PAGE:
Macmac
March 11, 2009, 06:31 PM
My answer to a knife fight is going to end in a bang... now a knife will be handy after that bang to collect the scalp. Gotta give ya that much.. :D

JShirley
March 12, 2009, 01:07 AM
Carl has a good answer. If you know the other guy has a knife, use something else. Something, anything, to create distance. A firearm if you have it, but if not, anything long or throwable.

John

Hungry Seagull
March 12, 2009, 01:21 AM
Knives are one thing, hanguns and long guns are another. Lead pipes, bats etc are all good.

But when they haul out a sword.... it's difficult to function due to that fear feeling. Personally I feel lucky never to have faced a sword becuase in my line of work, there were plenty of shops selling swords in various places and Katanas were good short ones for in-cab defense.

Chain was my favorite distance weapon. As a old flatbedder, grabbing 10 feet of 1/2 inch chain, wrap a few lengths somewhere on your person and use the last 7 feet or so to strike or wrap assailent's arm.

Sometimes that chain had a binder on the end. Those were solid forgings up to 2 feet long apeice.

I have a bad memory now so.. I leave it here.

Macmac
March 12, 2009, 11:24 AM
New Hampshire law doesn't make a difference in weapons. If you use a stick to harm someone, you may as well use a gun...

So if someone should pull a baton, a bat, a knife it is all the same as if he pulled a gun. Swords too..

I lost my father in law and his 2nd wife to murder by stabbings. My wife wasn't a very happy camper for a very long time and she sort of still isn't.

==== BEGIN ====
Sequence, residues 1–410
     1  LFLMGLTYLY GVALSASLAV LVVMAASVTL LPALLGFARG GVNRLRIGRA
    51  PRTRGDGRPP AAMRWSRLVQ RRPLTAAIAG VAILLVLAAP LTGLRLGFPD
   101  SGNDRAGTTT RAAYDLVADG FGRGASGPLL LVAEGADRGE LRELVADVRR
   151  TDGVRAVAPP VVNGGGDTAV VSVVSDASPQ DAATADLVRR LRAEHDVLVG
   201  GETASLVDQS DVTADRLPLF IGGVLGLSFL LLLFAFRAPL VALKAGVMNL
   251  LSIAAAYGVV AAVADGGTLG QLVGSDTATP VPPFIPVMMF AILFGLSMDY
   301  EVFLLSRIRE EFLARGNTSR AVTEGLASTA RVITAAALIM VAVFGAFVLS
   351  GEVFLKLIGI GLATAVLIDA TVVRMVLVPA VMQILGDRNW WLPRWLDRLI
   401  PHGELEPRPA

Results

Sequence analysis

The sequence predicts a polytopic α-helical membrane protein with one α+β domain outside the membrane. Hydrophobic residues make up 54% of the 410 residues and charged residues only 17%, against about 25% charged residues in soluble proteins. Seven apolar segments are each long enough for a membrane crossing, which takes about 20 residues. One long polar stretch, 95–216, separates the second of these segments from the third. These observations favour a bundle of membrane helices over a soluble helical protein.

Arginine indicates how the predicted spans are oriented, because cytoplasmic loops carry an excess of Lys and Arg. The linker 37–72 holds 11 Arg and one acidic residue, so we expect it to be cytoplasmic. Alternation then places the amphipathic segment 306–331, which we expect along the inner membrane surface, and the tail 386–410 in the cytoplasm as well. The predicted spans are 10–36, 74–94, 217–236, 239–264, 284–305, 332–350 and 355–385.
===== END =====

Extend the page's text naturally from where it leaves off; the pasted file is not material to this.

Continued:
Since that day I have carried one gun anywhere while on my place, and 2 guns any time I leave this place. I mean anywhere, any place any building and any state. I don't even sit here to typo un-armed, not ever.

Never again is SWAT going to be 3 hours too late for me and mine.

We often go to upstate Ny as that is where my wife is from. In the doing I must travel thru Mass.. Both states have draconian law, and I just don't care.. No more murders on my watch PERIOD.

A stick might fend off a bad dog, but you won't catch me fending off a human assailant with a knife, bat ot stick. The idea of me carrying a sword, while I have 2 is silly.

Omaha-BeenGlockin
March 12, 2009, 11:58 AM
Best knife technique---

Run or pull your pistol.

bikerdoc
March 12, 2009, 12:33 PM
I wrote this a few months ago



Personal Strategy

This is an update of an older post, I hope it stimulates some discussion.

Been trying to put my thoughts on my Self defense philosophy into a format I can share with others. It is more about thinking and planning than blazing guns.
Here it is. Tell me what you think. It is not carved in stone and I am open to all suggestions!

I use the acronym STARE W